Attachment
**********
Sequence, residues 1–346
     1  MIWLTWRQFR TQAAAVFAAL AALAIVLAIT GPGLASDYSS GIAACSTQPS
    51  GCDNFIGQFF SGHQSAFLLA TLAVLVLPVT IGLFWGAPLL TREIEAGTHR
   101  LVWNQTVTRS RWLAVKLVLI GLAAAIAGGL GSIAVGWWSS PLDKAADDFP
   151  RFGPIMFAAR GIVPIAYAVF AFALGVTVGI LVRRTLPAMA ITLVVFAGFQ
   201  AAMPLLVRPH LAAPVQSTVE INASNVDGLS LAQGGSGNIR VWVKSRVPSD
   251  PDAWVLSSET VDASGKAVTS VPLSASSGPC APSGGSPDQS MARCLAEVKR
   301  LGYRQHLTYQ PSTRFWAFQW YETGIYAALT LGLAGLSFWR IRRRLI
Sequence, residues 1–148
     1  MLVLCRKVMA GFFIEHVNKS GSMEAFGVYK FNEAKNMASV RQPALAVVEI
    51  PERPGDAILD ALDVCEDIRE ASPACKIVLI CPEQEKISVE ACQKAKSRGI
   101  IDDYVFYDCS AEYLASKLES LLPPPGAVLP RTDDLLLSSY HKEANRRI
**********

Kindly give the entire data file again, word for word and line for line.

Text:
Sequence, residues 1–346
     1  MIWLTWRQFR TQAAAVFAAL AALAIVLAIT GPGLASDYSS GIAACSTQPS
    51  GCDNFIGQFF SGHQSAFLLA TLAVLVLPVT IGLFWGAPLL TREIEAGTHR
   101  LVWNQTVTRS RWLAVKLVLI GLAAAIAGGL GSIAVGWWSS PLDKAADDFP
   151  RFGPIMFAAR GIVPIAYAVF AFALGVTVGI LVRRTLPAMA ITLVVFAGFQ
   201  AAMPLLVRPH LAAPVQSTVE INASNVDGLS LAQGGSGNIR VWVKSRVPSD
   251  PDAWVLSSET VDASGKAVTS VPLSASSGPC APSGGSPDQS MARCLAEVKR
   301  LGYRQHLTYQ PSTRFWAFQW YETGIYAALT LGLAGLSFWR IRRRLI
Sequence, residues 1–148
     1  MLVLCRKVMA GFFIEHVNKS GSMEAFGVYK FNEAKNMASV RQPALAVVEI
    51  PERPGDAILD ALDVCEDIRE ASPACKIVLI CPEQEKISVE ACQKAKSRGI
   101  IDDYVFYDCS AEYLASKLES LLPPPGAVLP RTDDLLLSSY HKEANRRI